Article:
4 Things Every Business Owner Should Know About Doing Business in New York

Doing Business in New YorkCompanies that want to start doing business in New York are entering an exciting arena. The Big Apple is a hub for entrepreneurship, innovation, and economic opportunity. However, this is also a region with steep competition—along with a web of complex legal requirements for businesses. Here are a few things to know about owning a business in New York.

#1 Watch Out for Competition

The NYC market is saturated in virtually every industry. Whether it’s retail, healthcare, hospitality, or consumer services, chances are good that multiple companies are vying for the same customers. This means success hinges on going above and beyond. Companies that succeed:

  1. Build a strong reputation for customer satisfaction—and make sure this is reflected in online reviews.
  2. Budget for marketing efforts and find ways to make a product or service unique so it will stand out in the crowd.
  3. Are prepared to pivot as new competitors enter the market.

#2 Plan for Traffic

Businesses that involve receiving or delivering physical goods should be aware that logistics in New York can be a challenge. Some streets are too narrow for delivery trucks, construction never ends, and rush hour traffic is a daily struggle. To make matters worse, a recent proposal for to reduce rush hour congestions could harm small businesses.

According to a recent Washington Post article, “Some merchants who are already dealing with constant street construction that limits traffic claim they’ve lost up to 60 percent of their revenue during the Clear Curb hours. Others are warning that they may be forced to close entirely unless police officers scale back their “super aggressive” enforcement.”

#3 Support Is Available

For all its challenges, NY is still a great place to create a new business. The New York Small Business Development Center (NYSBDC) works tirelessly to provide free business consulting and at-cost training on topics such as business planning, marketing, regulatory compliance, and more.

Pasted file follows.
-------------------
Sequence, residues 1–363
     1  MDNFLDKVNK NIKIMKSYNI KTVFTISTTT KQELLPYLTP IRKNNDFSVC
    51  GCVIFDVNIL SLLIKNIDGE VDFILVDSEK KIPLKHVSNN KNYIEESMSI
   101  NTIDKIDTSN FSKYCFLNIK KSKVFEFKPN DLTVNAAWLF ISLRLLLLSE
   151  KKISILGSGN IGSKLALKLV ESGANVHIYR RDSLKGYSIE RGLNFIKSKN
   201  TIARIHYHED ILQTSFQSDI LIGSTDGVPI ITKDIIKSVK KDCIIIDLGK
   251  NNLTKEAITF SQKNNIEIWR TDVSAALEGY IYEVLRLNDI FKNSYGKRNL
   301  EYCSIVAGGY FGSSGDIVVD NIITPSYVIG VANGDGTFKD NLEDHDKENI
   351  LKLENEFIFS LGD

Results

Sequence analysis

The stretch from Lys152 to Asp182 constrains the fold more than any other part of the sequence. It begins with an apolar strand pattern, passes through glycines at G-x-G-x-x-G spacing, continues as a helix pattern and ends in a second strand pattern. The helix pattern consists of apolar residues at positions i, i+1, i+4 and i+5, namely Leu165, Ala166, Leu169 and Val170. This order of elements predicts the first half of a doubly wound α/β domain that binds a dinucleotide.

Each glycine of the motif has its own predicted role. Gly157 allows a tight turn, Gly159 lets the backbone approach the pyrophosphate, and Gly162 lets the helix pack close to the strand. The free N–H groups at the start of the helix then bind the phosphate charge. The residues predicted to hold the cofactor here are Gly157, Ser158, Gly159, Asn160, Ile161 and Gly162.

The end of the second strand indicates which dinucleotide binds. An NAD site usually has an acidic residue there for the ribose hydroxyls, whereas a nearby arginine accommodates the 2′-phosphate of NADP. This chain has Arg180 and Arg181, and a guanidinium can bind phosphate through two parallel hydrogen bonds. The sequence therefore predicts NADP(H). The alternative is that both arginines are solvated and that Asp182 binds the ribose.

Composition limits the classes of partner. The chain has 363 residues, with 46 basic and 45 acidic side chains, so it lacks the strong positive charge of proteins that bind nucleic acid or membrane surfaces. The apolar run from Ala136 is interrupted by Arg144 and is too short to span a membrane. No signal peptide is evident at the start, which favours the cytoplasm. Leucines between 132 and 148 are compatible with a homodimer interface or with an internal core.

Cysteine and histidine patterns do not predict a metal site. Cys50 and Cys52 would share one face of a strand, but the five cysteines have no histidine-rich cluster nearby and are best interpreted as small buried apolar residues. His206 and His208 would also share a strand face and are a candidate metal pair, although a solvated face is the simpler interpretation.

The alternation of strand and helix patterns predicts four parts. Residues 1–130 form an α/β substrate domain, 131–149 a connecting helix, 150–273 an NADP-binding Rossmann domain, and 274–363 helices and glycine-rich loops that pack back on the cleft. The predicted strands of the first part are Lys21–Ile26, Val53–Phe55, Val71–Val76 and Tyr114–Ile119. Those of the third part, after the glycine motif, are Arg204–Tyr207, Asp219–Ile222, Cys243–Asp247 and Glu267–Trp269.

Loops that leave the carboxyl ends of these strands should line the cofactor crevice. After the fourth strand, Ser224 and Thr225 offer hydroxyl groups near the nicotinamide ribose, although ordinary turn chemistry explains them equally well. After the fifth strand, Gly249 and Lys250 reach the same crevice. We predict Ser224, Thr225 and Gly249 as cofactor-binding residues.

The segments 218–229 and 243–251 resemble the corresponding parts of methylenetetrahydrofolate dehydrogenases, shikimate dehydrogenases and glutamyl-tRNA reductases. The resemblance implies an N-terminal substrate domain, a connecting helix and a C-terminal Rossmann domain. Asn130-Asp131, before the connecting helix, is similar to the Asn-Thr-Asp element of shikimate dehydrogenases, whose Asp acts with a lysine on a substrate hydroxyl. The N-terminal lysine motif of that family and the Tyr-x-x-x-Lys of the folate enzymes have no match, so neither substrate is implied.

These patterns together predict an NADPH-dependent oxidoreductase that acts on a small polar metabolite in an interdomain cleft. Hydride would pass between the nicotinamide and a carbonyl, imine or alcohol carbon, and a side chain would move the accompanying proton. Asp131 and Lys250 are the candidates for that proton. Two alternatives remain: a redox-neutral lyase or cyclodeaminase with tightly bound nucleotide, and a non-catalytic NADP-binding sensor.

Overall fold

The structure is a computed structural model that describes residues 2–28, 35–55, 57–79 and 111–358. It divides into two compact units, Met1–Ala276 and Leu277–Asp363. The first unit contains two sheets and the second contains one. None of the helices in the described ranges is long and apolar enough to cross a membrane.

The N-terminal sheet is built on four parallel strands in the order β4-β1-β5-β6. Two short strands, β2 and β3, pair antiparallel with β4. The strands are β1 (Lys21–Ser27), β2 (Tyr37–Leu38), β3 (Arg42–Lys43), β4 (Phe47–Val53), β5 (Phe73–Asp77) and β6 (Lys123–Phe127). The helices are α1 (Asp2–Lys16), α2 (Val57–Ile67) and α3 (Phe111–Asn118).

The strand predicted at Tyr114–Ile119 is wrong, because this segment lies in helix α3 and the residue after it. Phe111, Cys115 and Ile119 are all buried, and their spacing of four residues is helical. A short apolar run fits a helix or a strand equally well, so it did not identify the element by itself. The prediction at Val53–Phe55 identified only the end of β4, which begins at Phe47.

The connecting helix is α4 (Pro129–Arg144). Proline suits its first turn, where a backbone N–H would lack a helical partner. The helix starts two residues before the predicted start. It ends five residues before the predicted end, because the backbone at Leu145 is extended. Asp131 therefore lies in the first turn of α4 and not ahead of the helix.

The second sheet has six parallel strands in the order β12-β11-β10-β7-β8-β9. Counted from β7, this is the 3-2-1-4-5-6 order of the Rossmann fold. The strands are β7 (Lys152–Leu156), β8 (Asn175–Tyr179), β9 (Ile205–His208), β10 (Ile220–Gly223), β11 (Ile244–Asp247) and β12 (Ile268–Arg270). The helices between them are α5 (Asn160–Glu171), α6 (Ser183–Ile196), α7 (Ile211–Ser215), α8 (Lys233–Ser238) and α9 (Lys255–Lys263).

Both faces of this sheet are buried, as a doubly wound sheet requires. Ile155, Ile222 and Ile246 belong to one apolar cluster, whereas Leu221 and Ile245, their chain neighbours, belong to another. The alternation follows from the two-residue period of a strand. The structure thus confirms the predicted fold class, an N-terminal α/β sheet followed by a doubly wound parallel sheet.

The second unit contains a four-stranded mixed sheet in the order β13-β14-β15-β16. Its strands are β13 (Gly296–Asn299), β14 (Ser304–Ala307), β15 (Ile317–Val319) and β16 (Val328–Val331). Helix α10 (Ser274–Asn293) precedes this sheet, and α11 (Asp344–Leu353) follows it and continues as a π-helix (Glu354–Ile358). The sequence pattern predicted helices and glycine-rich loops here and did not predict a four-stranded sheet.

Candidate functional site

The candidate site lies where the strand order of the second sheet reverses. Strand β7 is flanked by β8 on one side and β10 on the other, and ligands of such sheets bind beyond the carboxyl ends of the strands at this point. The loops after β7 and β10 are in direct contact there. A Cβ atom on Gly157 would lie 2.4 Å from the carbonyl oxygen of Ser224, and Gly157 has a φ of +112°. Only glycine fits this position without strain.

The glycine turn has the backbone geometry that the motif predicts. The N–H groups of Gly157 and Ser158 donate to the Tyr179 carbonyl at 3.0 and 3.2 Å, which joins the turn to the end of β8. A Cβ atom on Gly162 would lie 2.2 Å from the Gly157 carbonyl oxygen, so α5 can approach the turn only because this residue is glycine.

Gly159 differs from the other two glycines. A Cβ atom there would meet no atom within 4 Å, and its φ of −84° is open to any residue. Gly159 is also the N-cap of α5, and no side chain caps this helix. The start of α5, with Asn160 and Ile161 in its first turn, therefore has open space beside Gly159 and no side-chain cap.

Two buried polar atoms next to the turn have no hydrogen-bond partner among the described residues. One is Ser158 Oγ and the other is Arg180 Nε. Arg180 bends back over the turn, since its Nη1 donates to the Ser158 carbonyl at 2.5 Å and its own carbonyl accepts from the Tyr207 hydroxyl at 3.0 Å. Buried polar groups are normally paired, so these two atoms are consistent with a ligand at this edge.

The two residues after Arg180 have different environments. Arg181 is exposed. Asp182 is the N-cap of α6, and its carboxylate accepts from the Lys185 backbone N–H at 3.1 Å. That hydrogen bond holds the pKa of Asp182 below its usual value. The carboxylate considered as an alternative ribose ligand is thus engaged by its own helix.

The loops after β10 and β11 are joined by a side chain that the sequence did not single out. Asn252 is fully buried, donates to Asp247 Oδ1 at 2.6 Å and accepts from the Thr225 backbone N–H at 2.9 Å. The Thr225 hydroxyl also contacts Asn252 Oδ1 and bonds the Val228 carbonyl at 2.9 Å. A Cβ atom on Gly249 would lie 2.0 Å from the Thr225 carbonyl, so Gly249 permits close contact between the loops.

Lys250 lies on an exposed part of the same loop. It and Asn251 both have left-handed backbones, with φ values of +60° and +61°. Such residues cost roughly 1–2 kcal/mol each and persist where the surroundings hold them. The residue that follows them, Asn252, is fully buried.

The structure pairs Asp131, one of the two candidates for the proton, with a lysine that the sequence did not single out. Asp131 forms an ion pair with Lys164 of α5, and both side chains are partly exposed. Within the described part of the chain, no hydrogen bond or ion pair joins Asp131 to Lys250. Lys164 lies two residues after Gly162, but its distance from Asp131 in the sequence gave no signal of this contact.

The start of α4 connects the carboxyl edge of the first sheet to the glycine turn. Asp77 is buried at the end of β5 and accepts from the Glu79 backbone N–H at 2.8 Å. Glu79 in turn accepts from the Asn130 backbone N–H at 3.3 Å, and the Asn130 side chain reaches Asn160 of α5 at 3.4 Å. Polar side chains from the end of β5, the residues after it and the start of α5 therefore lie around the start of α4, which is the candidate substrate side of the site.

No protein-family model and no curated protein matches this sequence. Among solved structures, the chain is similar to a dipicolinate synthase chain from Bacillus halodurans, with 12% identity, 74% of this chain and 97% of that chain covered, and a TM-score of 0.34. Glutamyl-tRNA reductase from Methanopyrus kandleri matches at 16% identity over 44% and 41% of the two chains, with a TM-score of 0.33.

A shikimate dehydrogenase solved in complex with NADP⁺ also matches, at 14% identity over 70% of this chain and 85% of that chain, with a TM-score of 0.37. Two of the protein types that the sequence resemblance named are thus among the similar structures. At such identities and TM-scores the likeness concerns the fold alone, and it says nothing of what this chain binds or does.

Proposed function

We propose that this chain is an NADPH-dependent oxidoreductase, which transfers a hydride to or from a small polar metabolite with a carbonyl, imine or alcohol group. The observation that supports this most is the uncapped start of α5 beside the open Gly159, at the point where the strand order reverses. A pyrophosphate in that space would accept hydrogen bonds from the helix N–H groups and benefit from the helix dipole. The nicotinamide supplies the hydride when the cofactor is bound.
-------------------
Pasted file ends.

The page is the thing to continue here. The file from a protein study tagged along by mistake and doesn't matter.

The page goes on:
Tax incentives and grants are also available for certain types of startups. These programs are always changing, but Empire State Development currently lists an exciting opportunity for startups and growing businesses. “START-UP NY offers new and expanding businesses the opportunity to operate tax-free for 10 years on or near eligible university or college campuses in New York State.” Traditional businesses such as restaurants, medical offices, and retail stores don’t qualify. But tech innovation companies and other emerging sectors could be an ideal fit.

#4 There Is a LOT to Consider

Take a quick look at this NYC.gov checklist for companies that want to start doing business in New York. Some items are what a business might expect, like requirements for licensing and inspections. Others are less obvious, like limiting “noise pollution” and the restrictions on the number of people who can gather for an event before a permit is required.

From founding the business entity to signing a lease, hiring employees, and working with vendors and customers, there is a right way to do everything. And this can change from one year to the next as new laws come into play. Having legal counsel on hand to answer questions and provide guidance is a good way to boost the chances of success as a New York business owner.

Contact Regina Gordon Law Office for an initial consultation at no cost.

Regina Gordon Law
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